Still, no Louisiana governor has pardoned Tyler, who once was the youngest person in the United States on death row. But Howell continues to visit Tyler in Angola, and he calls her once a week to "cheer" her up. He has overcome bitterness, Howell says, because he didn't want to lose his soul.
"I've spent a lot of time in places where there's a lot of sorrow--at funerals, in prisons," Howell says. And she finds herself thinking often about Mrs. Weber. "The pain of that family is enormous. The loss of a child is horrible. It's a terrible thing. You never recover from it."
In the past few years, Howell has come to know the sorrow of loss firsthand. She is not only an advocate for young African Americans in the courtroom; she has brought kids to stay in her home. Howell and her longtime companion, Ron Ridenhour, the Vietnam veteran and journalist who in 1969 first disclosed the My Lai massacre of Vietnamese civilians by U.S. Army troops, befriended Dominic Johnson, one "remarkable" young man with artistic and culinary talent.
Johnson's father had been murdered, his mother was unable to care for him, and hed been in foster care much of his life. Howell met Johnson when he was 9. "We spent a lot of time with him. He went on vacations with us. He became an integral part of our family," she says.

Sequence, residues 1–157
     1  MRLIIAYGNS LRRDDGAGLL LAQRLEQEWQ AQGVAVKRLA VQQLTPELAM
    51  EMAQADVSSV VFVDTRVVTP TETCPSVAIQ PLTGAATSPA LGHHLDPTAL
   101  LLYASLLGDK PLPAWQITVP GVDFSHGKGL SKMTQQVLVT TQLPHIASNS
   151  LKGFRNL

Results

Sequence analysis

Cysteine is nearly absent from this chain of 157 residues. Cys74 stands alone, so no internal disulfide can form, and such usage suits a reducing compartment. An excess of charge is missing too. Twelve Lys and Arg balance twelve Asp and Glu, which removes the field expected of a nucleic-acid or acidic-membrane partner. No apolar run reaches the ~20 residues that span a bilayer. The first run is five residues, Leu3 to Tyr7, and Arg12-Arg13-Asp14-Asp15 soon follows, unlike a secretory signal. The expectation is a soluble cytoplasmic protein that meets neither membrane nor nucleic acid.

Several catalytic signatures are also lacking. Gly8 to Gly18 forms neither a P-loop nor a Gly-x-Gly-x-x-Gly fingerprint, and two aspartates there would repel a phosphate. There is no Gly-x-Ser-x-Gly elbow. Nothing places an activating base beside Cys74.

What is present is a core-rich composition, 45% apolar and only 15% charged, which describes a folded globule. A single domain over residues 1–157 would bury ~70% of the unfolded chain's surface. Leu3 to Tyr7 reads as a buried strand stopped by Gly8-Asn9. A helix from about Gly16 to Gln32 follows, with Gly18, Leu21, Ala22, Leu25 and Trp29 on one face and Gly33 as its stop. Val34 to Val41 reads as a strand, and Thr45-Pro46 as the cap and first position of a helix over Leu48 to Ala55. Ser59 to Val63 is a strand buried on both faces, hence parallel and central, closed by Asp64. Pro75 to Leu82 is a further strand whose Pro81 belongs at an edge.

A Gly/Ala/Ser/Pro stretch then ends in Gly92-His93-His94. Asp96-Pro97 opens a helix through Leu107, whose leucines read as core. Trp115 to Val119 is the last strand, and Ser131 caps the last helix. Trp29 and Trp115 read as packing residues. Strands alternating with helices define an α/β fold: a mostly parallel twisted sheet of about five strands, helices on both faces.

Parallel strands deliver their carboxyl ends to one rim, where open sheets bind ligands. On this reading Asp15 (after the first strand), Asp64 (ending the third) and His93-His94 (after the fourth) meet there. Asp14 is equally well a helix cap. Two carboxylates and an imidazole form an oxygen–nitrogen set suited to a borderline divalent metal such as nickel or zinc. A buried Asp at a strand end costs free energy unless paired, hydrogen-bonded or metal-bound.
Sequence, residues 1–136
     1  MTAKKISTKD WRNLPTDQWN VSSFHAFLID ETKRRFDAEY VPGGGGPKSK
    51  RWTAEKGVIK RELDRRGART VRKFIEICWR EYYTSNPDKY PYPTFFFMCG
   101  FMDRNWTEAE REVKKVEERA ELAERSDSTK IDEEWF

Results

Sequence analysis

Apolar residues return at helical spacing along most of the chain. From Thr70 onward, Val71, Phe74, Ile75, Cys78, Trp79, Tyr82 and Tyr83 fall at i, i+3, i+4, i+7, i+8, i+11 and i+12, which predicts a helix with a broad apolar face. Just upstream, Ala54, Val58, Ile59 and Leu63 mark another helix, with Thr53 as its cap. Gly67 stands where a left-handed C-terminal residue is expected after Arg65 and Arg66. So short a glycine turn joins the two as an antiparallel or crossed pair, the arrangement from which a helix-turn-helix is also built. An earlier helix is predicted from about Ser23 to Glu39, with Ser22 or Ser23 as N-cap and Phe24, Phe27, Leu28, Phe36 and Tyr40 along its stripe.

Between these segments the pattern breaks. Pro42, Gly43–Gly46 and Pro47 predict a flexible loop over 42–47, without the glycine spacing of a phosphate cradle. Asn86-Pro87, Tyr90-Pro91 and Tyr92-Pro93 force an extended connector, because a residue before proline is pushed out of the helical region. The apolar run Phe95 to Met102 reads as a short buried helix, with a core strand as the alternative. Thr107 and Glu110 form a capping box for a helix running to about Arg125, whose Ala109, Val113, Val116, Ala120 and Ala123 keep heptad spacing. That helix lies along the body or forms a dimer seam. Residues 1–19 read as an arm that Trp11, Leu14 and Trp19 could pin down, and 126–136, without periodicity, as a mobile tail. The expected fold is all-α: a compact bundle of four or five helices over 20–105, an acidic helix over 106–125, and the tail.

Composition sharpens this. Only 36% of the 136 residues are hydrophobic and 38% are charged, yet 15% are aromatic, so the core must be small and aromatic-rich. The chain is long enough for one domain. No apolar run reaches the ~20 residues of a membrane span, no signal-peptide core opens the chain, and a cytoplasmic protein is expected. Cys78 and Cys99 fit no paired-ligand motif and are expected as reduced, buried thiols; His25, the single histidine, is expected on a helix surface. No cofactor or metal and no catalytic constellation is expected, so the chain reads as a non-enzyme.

But Johnson was shot and killed on Father's Day 2000 after leaving a party in an upscale New Orleans East neighborhood. He was 18 years old. At the time, Howell was still coping with the loss of Ridenhour, who had died at 52 of a heart attack on Mother's Day 1998, after playing handball.
"I try to figure out what I can learn from all this," says Howell. "These experiences have given me deeper insight into human suffering in a personal way. "I've had a privileged life. I've had a fortunate life, certainly compared to my clients, certainly compared to what I see in peoples lives who are just struggling to survive in the most basic way."
She says she's experienced suffering vicariously through her clients. "But now it's an out-of-body experience to be sitting in the courtroom, not as a lawyer but in the victims row with other family members and listening to this stuff in a whole new way." Sorrow, somehow, has to make you a stronger, better person, Howell says.
As the pallbearers at the Batiste funeral solemnly carry the coffin into the church, the musicians keep up their poignant accompaniment. Back in the crowd, Howell spies a boy about 3 years old, carrying a trombone. She hugs him and parts the crowd to let him make his way to the front row so he can join the older musicians. He blows a few sweet notes. Reverently, Howell says, "That's the future." The city and its music go on.
Mary Ann Travis is managing editor of Tulanian and a senior editor in the Tulane publications office. This article originally appeared in the Summer 2001 issue of Tulanian.
Tulane University, New Orleans, LA 70118 504-865-5000 firstname.lastname@example.org